Doping Si with appropriate deep level impurities at sufficiently high concentrations can lead to the formation of intermediate bands within the band gap. This permits absorption in Si at sub-band gap wavelengths (beyond the band-to-band absorption limit at 1100 nm). Such a material opens up the possibility of fabricating Si-based optoelectronic devices that operate in the near- to mid-infrared region, which are substantially cheaper and more CMOS-compatible than their compound semiconductor counterparts.
Since deep level dopants have very low solubility in Si, highly non-equilibrium conditions are required to trap them inside the Si lattice. A well-established method for fabricating such hyperdoped materials is ion implantation followed by pulsed laser melting (PLM). After PLM, the steep temperature gradient induced by the laser pulse results in rapid resolidification of the Si crystal from a dopant-rich melt, allowing the dopants to be incorporated at concentrations which exceed the equilibrium solubility by several orders of magnitude. Indeed, an infrared photodetector has been previously demonstrated using Au hyperdoped Si fabricated by ion implantation and pulsed laser melting . However, the external quantum efficiency of the demonstration device is poor (~2.8E-4 at 1310 nm) with room for improvement in both device architecture and optical absorption.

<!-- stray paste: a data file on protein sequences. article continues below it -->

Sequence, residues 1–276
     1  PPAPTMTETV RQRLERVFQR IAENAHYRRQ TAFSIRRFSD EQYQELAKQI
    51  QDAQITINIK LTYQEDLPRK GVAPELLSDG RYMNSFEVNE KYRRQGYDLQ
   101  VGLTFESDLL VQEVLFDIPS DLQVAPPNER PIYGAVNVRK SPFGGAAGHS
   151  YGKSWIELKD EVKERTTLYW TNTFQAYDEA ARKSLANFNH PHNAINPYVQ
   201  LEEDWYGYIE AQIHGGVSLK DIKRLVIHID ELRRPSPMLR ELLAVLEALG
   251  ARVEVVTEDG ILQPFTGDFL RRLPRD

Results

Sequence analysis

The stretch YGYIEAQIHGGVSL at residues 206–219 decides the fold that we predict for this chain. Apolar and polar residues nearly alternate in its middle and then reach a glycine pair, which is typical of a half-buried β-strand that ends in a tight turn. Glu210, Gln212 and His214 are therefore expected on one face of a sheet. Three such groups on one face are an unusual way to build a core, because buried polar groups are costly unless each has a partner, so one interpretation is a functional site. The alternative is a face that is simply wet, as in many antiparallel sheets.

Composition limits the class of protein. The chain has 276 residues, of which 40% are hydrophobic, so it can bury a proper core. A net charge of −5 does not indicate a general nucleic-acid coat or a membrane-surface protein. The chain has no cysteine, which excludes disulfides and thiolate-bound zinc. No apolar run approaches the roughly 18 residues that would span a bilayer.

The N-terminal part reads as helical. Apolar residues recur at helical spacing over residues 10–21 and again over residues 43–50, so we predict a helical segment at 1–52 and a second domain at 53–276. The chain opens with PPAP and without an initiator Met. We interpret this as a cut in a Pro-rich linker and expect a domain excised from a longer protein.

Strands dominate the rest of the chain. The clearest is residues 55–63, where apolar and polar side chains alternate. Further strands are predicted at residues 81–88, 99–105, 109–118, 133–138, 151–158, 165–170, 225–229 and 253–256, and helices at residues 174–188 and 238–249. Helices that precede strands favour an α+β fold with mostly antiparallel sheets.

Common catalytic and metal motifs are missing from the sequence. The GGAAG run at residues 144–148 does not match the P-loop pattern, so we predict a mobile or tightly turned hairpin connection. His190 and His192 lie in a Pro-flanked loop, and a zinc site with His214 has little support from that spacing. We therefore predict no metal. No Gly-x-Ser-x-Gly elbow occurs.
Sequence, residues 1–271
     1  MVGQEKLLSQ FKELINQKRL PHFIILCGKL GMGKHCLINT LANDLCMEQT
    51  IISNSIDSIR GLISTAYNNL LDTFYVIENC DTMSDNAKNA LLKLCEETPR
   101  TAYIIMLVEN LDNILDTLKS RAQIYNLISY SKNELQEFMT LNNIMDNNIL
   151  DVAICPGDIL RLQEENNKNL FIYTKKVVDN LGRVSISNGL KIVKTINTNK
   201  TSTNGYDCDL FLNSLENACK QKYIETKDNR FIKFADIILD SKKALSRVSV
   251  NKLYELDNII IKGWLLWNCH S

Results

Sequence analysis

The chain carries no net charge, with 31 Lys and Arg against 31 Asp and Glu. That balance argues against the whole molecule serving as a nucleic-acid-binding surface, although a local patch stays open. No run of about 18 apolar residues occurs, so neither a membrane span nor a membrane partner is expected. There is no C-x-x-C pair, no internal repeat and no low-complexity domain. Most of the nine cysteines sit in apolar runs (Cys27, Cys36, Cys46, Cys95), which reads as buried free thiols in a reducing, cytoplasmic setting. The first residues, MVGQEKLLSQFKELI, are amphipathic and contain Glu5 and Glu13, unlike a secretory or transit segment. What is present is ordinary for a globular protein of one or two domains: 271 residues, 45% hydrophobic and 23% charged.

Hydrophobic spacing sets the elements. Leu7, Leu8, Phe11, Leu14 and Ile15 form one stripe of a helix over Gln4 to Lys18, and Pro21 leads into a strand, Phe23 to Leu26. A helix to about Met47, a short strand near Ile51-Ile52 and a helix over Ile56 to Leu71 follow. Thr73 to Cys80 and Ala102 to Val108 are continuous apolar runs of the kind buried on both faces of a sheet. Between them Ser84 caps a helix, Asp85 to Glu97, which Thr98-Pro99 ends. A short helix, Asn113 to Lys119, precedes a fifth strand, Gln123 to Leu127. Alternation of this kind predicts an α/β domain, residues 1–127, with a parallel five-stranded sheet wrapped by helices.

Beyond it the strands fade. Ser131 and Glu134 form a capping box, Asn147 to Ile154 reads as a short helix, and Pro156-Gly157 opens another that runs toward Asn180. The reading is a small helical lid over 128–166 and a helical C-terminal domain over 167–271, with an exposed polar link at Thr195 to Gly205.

In the current work, we optimize both the ion implantation and PLM conditions in an attempt to further increase the substitutional Au concentration. RBS/C, SEM, TEM, EDS were employed to characterize both the structure and composition of the Au hyperdoped Si for further optimization of the optical absorption. We show a ten-fold increase in sub-band gap absorption compared with previous attempts when the peak Au concentrations exceeds ~1 atom. %- a result that is particularly interesting given that these Au concentrations transcend the threshold concentration for the so-called “cellular breakdown”, a morphological feature previously thought to impede the sub-band gap absorption, to occur.
 Mailoa, J.P., et al., Nat Comm, 2014. 5: p. 3011.